Somewhere between the conversations, we have always discussed about how to create the awareness among citizens, especially children on how the water resources should be utilized. Because, there is no such policy or framework that has been set on creating awareness among public towards water use.
Hyderabad Metropolitan Water Supply and Sewerage Board (HMWSSB) have come up with this unique idea of setting a theme park that will educate the current generation of how the system works in the water supply and management section. Focusing primarily on how water harvesting can be done to store enough water that can be put to use whenever required.
Developed at a cost of nearly 2 Crore, the park is spread over 3.5 acres at Jubilee Hills Road no 51. The whole idea of constructing the theme park was conceived by KT Rama Rao, Minister of Municipal Administration and Urban Development.
Technology has been put to good use as we can see interactive games being developed on the theme to make it easy for children to understand the importance of rain-water harvesting along with virtual reality setup to give a better experience of how the process is run.
“The park houses 42 models which show the visitors the different types of water conserving techniques and also placed here are four gazebos, each catering to a variety of rain water harvesting and ground water recharge system that can be replicated at homes.”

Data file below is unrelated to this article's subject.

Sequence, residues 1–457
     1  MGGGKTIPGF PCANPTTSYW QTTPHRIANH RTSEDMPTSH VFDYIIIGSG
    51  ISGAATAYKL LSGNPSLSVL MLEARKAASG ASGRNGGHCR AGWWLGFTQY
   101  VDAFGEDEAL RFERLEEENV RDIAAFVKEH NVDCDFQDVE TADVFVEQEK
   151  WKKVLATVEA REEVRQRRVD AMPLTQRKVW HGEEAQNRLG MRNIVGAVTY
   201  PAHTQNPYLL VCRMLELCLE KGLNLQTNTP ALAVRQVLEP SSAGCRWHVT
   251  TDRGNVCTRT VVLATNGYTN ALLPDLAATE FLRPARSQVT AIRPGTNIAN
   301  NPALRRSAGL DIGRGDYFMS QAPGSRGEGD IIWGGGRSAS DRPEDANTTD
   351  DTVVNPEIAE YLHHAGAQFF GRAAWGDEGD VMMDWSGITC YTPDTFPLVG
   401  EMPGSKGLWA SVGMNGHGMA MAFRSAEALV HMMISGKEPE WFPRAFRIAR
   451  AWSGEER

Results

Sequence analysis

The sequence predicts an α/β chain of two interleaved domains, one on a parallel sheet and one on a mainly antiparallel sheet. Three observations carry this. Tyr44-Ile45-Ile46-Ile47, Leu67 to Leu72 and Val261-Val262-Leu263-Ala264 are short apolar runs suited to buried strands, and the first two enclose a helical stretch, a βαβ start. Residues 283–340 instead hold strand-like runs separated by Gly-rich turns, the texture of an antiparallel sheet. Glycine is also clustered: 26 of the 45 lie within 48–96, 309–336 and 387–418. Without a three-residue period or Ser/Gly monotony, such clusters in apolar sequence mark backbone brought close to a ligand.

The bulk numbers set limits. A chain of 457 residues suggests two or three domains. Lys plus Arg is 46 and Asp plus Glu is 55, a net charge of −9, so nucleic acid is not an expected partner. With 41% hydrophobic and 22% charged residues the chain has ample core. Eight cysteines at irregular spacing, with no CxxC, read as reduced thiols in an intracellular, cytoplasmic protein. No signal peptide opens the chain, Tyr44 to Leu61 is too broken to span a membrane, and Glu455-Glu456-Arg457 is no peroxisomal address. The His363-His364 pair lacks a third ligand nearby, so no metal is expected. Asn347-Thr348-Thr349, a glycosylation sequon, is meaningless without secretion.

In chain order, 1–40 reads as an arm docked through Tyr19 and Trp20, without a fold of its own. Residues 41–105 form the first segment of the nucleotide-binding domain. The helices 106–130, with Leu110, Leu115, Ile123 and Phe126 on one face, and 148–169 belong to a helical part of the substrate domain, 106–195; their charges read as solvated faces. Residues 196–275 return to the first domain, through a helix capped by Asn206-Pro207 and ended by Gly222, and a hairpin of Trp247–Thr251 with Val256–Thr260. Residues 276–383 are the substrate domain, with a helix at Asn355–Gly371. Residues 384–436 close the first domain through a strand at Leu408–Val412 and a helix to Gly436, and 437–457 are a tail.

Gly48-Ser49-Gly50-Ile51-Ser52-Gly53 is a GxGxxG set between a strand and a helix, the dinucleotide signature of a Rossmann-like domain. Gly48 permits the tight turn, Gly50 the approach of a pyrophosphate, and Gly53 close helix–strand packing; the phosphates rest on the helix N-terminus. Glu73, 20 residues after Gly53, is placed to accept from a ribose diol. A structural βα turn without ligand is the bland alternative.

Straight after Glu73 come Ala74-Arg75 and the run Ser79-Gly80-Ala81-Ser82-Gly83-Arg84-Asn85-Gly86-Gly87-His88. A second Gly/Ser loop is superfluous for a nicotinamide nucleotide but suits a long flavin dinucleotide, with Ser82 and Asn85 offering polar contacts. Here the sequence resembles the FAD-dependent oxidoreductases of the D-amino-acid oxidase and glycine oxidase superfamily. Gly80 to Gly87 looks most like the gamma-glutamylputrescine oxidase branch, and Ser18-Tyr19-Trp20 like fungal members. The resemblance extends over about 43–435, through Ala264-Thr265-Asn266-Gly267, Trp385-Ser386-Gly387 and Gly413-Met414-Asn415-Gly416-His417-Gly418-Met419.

Source Content: Telangana Today
“A talking tree present inside the animation theatre, which speaks about the rain forests is sure to be a major attraction for school children. The theatre also accommodates a virtual reality setup, which visualises the journey of water reaching home from the source and the various stages involved. The children will be provided with virtual reality gear to watch this 9-minute-video.”
“Infotainment for children does not stop here and children can also try their luck at saving water by performing actions such as fixing leakages and breakages through a video game. J. Sathya Narayana, Officer on Special Duty, RWH, says, “The four-minute game can be played by four players and at the end one can see the amount of water saved.” He adds that some minor works are pending, and the park will be available for visitors very soon.”
“In addition, a musical fountain, a quiz kiosk, swales to increase rain water infiltration, different booths explaining the quantity of water used for various daily activities, a zodiac park with plants specific to zodiac signs etc., dot this sprawling space.”
What else could have been better than setting up a theme park to create awareness among public?
It was indeed a great initiative by HMWSSB and we look forward to experience it soon after it is open to public.
We hope every state waterboard should have this in their list to setup these environment-friendly theme parks to educate people on how important it is to conserve water for generations to come.